New York: Widespread wearing of surgical masks can limit the spread of coronavirus in communities, more than masks made of cloth, finds a large study.
Researchers from Yale University, US, tracked more than 340,000 adults across 600 villages in rural Bangladesh. The findings, published as a preprint, showed that mask-wearing can have a significant impact on limiting the spread of symptomatic COVID-19, the Washington Post reported.
“I think this should basically end any scientific debate about whether masks can be effective in combating COVID at the population level,” Jason Abaluck, an economist at Yale, was quoted as saying.
Abaluck called the study “a nail in the coffin” of the arguments against masks.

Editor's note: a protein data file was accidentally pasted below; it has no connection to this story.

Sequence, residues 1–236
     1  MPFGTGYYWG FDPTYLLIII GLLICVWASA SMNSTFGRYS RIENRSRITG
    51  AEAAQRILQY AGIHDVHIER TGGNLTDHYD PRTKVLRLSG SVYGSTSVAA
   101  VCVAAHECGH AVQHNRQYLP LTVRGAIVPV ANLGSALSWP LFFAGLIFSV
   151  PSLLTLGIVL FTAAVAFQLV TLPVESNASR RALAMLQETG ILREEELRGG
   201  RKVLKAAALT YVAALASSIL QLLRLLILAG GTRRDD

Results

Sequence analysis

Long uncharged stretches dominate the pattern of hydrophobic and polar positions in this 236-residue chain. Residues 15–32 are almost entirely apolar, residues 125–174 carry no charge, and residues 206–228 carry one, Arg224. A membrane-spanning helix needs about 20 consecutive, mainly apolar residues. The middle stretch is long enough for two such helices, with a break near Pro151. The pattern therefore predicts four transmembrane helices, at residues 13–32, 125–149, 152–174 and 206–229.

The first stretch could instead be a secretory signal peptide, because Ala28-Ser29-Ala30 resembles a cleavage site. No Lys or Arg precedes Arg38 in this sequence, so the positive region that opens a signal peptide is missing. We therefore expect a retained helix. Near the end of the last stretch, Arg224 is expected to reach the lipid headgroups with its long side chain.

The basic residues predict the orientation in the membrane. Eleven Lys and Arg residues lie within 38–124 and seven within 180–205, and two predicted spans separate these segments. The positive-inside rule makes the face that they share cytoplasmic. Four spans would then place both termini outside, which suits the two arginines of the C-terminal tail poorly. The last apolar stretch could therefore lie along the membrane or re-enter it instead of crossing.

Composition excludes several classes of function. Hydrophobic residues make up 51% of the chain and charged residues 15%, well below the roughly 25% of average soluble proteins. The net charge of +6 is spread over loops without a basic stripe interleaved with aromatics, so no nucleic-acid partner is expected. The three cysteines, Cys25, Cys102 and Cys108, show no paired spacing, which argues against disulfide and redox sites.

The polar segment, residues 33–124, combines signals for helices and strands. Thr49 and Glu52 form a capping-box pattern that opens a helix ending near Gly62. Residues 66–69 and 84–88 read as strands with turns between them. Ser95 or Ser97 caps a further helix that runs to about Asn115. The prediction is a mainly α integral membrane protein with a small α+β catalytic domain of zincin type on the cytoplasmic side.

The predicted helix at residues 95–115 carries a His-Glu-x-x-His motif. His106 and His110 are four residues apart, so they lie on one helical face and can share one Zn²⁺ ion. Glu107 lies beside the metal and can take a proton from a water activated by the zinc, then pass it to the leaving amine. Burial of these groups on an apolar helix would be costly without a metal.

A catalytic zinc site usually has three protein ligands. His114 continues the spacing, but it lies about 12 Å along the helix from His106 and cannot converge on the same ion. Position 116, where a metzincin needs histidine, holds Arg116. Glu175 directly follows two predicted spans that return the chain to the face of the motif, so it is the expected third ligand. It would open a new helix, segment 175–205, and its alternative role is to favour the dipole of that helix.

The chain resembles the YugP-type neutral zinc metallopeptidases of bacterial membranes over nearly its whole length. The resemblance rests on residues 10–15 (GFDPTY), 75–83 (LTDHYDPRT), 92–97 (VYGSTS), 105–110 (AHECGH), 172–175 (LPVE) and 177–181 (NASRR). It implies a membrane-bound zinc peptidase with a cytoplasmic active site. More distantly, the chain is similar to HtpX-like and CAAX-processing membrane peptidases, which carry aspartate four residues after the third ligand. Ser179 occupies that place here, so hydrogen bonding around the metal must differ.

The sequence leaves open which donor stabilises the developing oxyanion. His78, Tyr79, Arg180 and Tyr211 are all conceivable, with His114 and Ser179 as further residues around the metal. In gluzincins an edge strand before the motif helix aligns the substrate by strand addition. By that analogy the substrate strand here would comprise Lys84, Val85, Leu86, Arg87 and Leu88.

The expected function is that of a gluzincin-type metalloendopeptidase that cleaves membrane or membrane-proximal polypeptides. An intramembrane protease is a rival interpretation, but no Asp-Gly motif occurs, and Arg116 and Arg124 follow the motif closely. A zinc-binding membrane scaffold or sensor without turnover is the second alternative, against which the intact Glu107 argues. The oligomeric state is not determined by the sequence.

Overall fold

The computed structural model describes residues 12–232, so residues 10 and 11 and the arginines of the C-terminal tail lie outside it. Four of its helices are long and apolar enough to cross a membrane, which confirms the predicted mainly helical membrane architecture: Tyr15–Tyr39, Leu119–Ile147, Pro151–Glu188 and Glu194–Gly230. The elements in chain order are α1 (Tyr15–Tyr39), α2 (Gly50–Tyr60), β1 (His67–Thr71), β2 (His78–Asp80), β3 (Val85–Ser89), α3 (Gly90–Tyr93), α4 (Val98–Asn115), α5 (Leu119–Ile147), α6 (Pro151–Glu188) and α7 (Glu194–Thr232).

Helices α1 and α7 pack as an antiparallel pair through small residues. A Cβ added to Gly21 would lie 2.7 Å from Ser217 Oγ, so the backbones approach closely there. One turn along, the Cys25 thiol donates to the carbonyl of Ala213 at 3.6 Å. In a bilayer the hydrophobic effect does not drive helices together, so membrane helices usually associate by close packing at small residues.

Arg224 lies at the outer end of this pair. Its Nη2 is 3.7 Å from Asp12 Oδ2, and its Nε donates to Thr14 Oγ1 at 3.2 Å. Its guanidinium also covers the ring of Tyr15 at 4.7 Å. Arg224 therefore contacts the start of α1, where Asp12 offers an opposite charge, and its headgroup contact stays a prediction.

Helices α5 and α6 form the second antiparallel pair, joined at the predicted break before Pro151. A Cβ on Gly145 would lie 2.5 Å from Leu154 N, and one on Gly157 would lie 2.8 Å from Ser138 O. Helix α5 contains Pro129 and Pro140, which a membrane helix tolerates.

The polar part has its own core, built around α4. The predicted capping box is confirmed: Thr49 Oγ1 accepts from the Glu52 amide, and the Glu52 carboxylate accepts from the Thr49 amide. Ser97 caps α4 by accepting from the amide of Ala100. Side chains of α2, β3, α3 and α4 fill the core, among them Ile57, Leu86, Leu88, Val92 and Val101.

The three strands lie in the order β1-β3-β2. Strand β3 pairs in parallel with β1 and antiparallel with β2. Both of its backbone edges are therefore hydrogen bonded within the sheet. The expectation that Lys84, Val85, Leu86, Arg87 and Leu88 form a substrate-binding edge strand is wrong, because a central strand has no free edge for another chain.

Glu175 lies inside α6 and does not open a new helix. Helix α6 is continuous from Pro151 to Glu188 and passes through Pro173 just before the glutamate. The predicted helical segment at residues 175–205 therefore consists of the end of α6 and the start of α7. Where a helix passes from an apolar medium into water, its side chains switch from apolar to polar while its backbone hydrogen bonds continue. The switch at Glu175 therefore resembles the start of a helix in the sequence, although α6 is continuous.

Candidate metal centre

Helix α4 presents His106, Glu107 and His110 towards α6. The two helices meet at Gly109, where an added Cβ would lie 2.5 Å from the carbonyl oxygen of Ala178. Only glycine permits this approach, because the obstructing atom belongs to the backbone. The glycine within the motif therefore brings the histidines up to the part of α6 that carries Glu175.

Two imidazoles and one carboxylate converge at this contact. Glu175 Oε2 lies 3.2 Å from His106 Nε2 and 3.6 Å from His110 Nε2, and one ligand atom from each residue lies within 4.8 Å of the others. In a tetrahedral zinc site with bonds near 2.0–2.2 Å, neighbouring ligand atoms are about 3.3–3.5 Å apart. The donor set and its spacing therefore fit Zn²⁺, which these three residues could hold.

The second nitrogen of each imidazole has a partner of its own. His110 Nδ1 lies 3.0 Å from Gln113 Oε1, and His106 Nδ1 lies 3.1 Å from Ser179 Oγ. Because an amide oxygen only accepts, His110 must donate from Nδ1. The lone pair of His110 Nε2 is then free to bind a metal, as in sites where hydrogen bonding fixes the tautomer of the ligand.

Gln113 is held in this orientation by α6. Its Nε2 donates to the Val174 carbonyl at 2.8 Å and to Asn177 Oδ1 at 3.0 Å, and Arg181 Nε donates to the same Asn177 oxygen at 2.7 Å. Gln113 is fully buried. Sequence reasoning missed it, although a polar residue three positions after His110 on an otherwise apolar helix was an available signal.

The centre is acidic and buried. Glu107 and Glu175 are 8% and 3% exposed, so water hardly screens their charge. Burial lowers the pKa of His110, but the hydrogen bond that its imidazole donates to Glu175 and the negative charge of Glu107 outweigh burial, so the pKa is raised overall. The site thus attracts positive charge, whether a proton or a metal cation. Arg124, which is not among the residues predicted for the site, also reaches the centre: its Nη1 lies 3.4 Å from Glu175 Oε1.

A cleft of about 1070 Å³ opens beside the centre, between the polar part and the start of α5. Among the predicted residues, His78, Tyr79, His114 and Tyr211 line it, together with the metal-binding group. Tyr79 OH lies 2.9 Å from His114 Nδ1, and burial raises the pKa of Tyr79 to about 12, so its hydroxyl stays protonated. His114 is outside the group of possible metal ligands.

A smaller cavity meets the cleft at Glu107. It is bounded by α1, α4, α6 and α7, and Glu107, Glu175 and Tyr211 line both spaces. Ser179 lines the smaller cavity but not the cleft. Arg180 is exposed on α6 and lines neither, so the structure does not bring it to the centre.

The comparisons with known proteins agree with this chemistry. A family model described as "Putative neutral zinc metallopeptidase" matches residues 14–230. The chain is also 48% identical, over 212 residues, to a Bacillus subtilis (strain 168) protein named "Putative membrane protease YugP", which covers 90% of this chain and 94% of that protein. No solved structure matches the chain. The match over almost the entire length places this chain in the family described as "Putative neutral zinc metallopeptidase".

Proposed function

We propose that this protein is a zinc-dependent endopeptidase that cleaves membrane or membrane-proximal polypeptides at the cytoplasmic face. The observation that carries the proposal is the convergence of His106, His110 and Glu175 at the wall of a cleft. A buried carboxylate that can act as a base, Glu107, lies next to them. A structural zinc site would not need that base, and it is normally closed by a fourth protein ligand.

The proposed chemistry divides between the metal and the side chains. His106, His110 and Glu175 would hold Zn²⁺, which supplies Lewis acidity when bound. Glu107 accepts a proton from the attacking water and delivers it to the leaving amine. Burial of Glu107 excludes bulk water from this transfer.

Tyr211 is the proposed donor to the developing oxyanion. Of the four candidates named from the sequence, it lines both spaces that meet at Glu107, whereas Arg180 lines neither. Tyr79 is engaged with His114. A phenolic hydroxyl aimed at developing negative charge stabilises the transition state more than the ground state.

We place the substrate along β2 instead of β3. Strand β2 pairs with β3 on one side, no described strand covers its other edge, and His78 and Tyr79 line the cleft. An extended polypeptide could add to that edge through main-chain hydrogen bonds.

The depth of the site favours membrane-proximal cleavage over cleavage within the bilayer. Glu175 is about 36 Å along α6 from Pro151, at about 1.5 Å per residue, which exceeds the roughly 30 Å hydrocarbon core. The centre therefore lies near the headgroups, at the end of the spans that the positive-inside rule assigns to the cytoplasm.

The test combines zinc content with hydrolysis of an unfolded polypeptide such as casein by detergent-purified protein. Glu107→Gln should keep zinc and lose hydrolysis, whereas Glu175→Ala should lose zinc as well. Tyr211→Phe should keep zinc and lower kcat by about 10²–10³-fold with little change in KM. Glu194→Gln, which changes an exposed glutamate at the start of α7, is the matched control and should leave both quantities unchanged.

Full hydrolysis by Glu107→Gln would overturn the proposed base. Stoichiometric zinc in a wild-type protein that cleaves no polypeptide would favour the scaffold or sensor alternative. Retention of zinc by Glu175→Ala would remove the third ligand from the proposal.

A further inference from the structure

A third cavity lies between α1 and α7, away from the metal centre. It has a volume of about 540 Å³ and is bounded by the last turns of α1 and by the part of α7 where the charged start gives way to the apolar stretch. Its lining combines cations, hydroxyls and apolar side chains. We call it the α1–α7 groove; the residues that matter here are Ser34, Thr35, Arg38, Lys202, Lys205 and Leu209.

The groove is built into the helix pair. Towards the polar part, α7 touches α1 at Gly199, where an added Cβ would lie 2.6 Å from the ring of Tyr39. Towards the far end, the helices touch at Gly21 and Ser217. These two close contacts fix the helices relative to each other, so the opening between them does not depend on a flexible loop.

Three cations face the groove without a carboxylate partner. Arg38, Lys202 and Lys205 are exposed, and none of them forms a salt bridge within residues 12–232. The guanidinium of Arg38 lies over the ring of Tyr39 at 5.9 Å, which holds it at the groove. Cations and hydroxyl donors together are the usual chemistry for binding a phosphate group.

Mask wearers saw a 9.3 percent reduction in symptomatic COVID-19 seroprevalence, meaning the virus was confirmed by bloodwork, as well as a further 11.9 percent reduction in COVID-19 symptoms.
However, the team emphasised that this did not mean masks were only 9.3 percent effective.
“I think a big error would be to read this study and to say, ‘Oh, masks can only prevent 10 percent of symptomatic infections’,” Abaluck said. The number would probably be several times higher if masking were universal, he said.
The study is under peer review with the journal Science, the Post reported.
Further, the researchers found that while cloth masks clearly reduced symptoms, they “cannot reject” the idea that unlike surgical masks, they may have only a small effect on symptomatic coronavirus infections, and possibly none at all.
Abaluck emphasised, however, that research did not produce evidence that cloth masks are ineffective.
The results “don’t necessarily show that surgical masks are much, much better than cloth masks, but we find much clearer evidence of the effectiveness in surgical masks”, he said.